It’s known as a “feel-good” or “happy” chemical. And yes, serotonin does play a crucial role in mood and feelings of well-being. That’s just the tip of the iceberg, though, because, boy oh boy, there’s quite a bit more to this body chemical, which acts as both a neurotransmitter and hormone. What exactly does serotonin do to the body? What happens when you don’t have enough serotonin? How can you increase serotonin…is it even a good idea to raise levels of serotonin? Are there foods that boost serotonin? Let’s dig into all these questions and more.
What Does Seratonin Do?
Serotonin is best known for its role as a neurotransmitter in the central nervous system (CNS) where it’s a major player in mood, feelings of well-being, anxiety, and happiness. For this reason, it’s often called a “feel-good chemical” or “happy hormone.”
But that’s just one of the many faces of serotonin. In the brain, for instance, it’s also crucial for a focused mental outlook.
Serotonin also plays a powerful role in gut health. Consider, for example, that 95% of the body’s serotonin is found in the gut. 1
Ever heard of the gut-brain connection? Well, serotonin is the neurotransmitter that allows for communication between the GI tract and the CNS—the gut-brain connection liaison, if you will.
From this standpoint, serotonin regulates bowel function and intestinal motility. Too little serotonin usually means constipation, distension, and bloating; whereas too much will have you running to the toilet.
Serotonin also plays a powerful role in appetite management. It acts as a satiety hormone, which means it helps tell your brain when you’re full. 2
On the flip side, low serotonin typically drives hunger, particularly cravings for high-carb junk foods. This is because simple carbs cause a “serotonin rush.” In fact, some researchers believe people overeat due to “serotonin hunger.” 3
Serotonin is also implicated in the sensations of pain and itch. But its effects are a bit nuanced. Basically, it can be involved in both the perception and inhibition of pain, depending on the type of receptor and area of the body. 4
Serotonin can also be found in high concentrations in platelets where it plays a major role in blood clotting. Serotonin leads to vasoconstriction, reduced blood flow, and aids in the formation of blood clots.
Along these lines, serotonin affects various aspects of heart and circulatory function, including blood pressure modification.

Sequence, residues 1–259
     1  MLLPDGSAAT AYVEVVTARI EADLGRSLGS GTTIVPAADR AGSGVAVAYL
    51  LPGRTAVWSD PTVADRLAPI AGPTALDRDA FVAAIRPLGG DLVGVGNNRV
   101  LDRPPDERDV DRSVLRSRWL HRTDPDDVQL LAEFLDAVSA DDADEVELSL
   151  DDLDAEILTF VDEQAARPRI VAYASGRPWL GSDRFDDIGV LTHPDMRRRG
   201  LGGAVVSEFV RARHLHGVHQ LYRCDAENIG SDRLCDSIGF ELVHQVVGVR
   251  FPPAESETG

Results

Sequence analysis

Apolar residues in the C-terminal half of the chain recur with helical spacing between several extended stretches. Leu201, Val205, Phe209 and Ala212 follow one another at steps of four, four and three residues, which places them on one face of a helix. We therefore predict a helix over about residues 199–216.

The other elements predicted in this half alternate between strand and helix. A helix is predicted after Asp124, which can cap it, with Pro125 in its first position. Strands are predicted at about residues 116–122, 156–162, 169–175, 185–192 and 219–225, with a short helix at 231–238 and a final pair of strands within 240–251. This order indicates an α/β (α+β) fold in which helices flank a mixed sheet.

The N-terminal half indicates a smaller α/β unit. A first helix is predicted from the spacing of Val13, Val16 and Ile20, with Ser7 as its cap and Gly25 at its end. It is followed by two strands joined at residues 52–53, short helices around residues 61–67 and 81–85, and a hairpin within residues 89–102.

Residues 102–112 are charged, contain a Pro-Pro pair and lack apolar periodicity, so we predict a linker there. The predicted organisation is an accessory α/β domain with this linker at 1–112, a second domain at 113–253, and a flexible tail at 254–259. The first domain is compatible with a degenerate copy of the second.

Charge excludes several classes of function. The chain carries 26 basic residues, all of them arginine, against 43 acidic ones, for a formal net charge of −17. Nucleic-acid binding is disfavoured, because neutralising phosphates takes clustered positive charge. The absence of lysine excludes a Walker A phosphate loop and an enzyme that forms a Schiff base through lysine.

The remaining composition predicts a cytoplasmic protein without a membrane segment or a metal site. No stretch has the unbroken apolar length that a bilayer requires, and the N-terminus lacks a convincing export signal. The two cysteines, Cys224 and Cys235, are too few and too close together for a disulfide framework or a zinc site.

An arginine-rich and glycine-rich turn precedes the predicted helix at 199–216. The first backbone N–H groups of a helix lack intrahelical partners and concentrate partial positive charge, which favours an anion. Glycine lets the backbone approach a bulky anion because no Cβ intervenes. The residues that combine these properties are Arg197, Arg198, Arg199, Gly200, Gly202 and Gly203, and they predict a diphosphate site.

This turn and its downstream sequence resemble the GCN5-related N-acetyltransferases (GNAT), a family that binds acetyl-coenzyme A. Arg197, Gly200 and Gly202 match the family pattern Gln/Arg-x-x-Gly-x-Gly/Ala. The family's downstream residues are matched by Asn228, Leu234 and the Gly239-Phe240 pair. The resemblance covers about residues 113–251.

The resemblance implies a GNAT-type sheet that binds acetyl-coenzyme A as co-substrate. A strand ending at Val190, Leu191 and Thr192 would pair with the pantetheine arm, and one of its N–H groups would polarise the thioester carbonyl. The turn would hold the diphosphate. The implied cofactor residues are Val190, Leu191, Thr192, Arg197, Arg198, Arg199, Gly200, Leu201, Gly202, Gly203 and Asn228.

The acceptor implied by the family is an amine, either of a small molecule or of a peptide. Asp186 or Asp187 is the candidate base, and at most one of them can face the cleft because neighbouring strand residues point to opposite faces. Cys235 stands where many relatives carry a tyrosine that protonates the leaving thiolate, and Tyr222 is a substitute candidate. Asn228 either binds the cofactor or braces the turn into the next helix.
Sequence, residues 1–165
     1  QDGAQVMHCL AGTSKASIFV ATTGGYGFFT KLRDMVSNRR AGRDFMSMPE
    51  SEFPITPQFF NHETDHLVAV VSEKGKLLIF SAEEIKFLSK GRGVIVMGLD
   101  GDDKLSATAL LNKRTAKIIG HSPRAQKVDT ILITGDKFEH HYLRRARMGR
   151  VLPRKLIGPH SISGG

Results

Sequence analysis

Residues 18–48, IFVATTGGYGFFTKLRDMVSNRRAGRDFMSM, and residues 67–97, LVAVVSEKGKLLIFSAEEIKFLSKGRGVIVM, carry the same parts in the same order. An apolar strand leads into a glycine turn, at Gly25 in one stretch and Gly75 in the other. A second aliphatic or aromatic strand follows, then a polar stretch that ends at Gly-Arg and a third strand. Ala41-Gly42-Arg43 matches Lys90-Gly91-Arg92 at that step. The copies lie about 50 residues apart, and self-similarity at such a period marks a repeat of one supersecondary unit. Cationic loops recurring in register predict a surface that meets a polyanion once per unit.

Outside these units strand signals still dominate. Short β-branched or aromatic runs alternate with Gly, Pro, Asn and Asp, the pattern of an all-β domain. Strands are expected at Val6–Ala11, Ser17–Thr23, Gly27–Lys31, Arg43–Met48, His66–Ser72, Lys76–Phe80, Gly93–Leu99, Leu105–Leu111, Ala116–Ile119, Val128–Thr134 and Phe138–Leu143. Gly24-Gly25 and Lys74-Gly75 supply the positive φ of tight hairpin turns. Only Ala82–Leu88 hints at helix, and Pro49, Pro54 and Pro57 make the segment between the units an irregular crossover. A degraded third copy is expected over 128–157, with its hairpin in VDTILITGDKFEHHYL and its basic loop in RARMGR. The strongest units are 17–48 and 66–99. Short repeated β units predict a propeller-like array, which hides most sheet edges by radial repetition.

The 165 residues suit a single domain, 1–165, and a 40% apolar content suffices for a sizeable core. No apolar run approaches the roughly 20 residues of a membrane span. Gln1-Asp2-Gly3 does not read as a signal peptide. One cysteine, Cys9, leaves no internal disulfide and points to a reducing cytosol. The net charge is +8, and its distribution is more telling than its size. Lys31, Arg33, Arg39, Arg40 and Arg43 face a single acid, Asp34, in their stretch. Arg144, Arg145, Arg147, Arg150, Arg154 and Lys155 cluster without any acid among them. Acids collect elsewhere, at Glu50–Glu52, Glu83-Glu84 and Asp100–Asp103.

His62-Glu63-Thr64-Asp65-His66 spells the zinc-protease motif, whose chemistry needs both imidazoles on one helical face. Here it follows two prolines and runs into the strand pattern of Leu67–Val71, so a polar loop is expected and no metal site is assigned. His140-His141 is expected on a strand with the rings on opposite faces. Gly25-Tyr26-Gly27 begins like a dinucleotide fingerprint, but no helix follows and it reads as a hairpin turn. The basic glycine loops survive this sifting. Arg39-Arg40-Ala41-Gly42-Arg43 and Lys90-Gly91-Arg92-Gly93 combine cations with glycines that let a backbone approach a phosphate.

Here’s some useless trivia for you: Serotonin was discovered by Rapport et al. in 1948 as a vasoconstrictor. 5 This actually lends some insight into how low serotonin levels may contribute to migraine headaches.
Serotonin also plays a role in the immune system. As a matter of fact, almost all immune cells have at least one serotonin component—a serotonin receptor or transporter. 5
Serotonin also plays a critical role in sleep. In fact, the body literally uses serotonin as a precursor to the well-known “sleep hormone” melatonin. 6 Said differently, low serotonin is usually a surefire recipe for a rough night of sleep. Speaking of sleep…make sure you read all the way to the end to see if it’s really the Thanksgiving turkey that makes you tired.
And there’s one more thing related to sleep: Serotonin also plays a role in sexual function. Believe it or not, low serotonin levels (such as in the intoxicated state) are thought to contribute to the associated increase in libido.
On the other hand, a common side effect of drugs that raise levels of serotonin is a reduction in libido as well as sexual function. 7
To summarize, a serotonin deficit can lead to…
- Mood issues
- Anxious feelings
- Food cravings (especially for carbs)
- Brain fog
- Difficulty sleeping
Now, let’s not go all extreme, thinking the polar opposite is a gold mine. It’s not. Too much serotonin can also be problematic. For example, excess serotonin can lead to… 8
- Poor appetite
- High blood pressure
- Rapid heartrate
Like most things in the body, healthy serotonin metabolism is key. Obviously, too little serotonin is bad news. But if you’re constantly putting the serotonin pedal to the metal, you’re setting yourself up for trouble too.
Before moving along, READ THIS. If your mood is significantly impacting your life, it’s time to see a doctor. And if you’re already taking a medication(s) for a related health issue, don’t stop without consulting your health-care professional.
In other words, the information in this article is for information purposes only, and it should never be used to diagnose, treat, cure, or prevent any medical conditions. And it shouldn’t be used as a replacement for conventional medical treatment.